15 Different Sections of a Job Description Responsibilities and Duties Here, the tasks that the worker has to do is listed in order of importance (Descending importance list) and usually, the frequency and time required for each task (% ranking) is mentioned as well. This is the most important section of the job description, as it lists exactly what the worker is required to do. This information is found out from the job analysis techniques (interviews, questionnaires etc.) Example:- In the example, driving sales consists of 60% of the job (time spent), Publishing consists of 25%, and Territory Management takes up 15% of the total job time

16 Different Sections of a Job Description Relationships to Maintain Sometimes there is a relationship section that shows all the possible relationships that the jobholder needs to maintain in the company. Example:- For a HR manager, the relationship section might look like: Reports to: Head of HR Supervises: HR officer, Labour Relations Consultant, and one Secretary Works with: All departmental managers and sometimes, top level management External Relations: Job Agencies, Recruiting Firms, Union Leaders etc. Even though this section is about relationships, it’s not information about the person. It is information about the job, i.e. what relationships the job requires. Hence, it is part of a job description, not a job specification.

17 Different Sections of a Job Description Standards of Performance Some job descriptions include a “standards of performance” section that outlines the specific performance level required from the job. External Job postings usually don’t have this, they are more common in job descriptions used for internal purposes. Example:- For a factory worker, no less than 30 units produced per day Working Conditions Some job descriptions will include a description of the working conditions, especially if the work is dangerous, or requires one to be careful. Example:- Hot Machine handling, noisy environment etc. Also, social conditions ( if you are posted outside the city, you will have to be comfortable working alone)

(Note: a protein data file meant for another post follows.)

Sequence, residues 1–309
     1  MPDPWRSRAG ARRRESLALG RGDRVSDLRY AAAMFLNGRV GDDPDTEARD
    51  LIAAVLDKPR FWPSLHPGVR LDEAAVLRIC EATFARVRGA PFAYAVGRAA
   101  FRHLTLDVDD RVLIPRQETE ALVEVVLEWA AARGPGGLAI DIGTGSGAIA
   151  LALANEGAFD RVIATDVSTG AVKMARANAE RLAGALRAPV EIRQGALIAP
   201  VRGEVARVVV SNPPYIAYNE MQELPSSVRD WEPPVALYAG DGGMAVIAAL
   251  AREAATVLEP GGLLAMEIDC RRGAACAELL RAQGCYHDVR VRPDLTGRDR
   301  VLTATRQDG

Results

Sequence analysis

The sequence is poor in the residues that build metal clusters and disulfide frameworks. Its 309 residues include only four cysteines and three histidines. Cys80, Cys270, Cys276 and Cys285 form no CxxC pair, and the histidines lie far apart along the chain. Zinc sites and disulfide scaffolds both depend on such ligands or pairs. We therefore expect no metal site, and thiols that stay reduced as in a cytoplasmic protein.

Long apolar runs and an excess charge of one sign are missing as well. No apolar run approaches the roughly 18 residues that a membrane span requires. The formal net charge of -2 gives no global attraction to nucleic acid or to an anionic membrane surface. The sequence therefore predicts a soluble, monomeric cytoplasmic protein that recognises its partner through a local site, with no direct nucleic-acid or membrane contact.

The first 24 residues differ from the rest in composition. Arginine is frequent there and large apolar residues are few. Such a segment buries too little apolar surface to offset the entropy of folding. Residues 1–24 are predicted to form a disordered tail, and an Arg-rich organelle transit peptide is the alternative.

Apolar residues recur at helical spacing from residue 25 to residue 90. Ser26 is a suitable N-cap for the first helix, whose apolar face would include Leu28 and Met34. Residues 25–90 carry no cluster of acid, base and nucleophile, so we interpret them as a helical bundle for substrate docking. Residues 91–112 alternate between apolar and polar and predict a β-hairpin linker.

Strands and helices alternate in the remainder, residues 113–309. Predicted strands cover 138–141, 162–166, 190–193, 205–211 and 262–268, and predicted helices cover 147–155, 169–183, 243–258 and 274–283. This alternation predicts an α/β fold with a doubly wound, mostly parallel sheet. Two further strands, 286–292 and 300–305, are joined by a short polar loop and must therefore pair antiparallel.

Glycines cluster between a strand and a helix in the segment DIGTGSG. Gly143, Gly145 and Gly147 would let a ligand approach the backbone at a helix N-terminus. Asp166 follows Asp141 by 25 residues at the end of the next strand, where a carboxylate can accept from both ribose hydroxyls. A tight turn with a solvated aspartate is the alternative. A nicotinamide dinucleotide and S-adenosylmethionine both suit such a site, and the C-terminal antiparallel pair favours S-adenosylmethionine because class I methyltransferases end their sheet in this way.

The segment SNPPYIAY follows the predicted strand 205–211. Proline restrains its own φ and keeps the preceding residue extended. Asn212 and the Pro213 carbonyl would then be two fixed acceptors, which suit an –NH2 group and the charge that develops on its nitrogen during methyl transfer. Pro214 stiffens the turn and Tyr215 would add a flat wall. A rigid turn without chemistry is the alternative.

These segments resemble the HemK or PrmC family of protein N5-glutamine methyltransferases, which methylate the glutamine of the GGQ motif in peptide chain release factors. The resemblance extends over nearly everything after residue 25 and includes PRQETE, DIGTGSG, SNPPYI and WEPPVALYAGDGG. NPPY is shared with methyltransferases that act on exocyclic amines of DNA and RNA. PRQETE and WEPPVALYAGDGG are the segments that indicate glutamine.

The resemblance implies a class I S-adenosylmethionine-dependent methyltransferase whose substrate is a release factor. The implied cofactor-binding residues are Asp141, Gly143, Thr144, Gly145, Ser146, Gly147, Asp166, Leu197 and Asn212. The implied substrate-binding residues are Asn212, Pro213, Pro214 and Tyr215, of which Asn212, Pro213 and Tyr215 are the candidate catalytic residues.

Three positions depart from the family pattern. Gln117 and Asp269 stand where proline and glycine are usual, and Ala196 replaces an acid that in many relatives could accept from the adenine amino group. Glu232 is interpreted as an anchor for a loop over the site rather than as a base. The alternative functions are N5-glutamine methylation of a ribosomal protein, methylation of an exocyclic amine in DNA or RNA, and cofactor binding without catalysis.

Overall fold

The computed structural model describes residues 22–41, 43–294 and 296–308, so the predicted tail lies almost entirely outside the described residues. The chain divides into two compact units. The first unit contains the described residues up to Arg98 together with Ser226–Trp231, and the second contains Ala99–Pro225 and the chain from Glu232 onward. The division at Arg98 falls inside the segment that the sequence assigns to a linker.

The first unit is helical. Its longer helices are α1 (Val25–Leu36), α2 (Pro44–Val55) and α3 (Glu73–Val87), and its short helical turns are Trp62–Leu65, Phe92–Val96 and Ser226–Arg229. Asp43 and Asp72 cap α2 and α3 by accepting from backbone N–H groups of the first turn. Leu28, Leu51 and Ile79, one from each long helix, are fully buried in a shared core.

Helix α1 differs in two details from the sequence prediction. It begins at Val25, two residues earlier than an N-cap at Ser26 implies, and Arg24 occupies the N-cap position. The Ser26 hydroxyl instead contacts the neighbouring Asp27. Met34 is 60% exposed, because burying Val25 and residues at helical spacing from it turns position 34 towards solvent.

18 Making Job Specifications Job Specification A list of the human (not work) requirements required for a position Objective is to identify the type person who will be a good fit for the job. However, a senior and junior position will have different job specifications because: ??

19 Job Specification Contents Required KSA’s KSA’s refer to Knowledge, Skills and Attitudes. They are the competencies required to do the job successfully and include formal education, years of experience, or other technical skills (such as knowledge of special software) that are required to carry out the job. Example:- A position for a HR officer might require a major in HR, or a Postgraduate in HRM (PGDHRM). In addition, it might also ask for good negotiation skills or people skills.

20 Senior vs Junior Job Specifications When hiring for senior positions, the focus is more on their previous training, performance or record. Ex- A Manager going to another company as a manager will only be tested for his performance, such as sales achieved previously, no. of products launched into the market, or market share gained for the firm. (tangible, hard skills, easier to identify) However, when selecting someone for a new manager position (entry-level manager), there is no past performance record, and we can only rely on his or her potential, such as good decision making skills, time management, or people skills. (intangible, soft skills, harder to identify) It is easy to see that these 2 nd type of skills are harder to assess/quantify/judge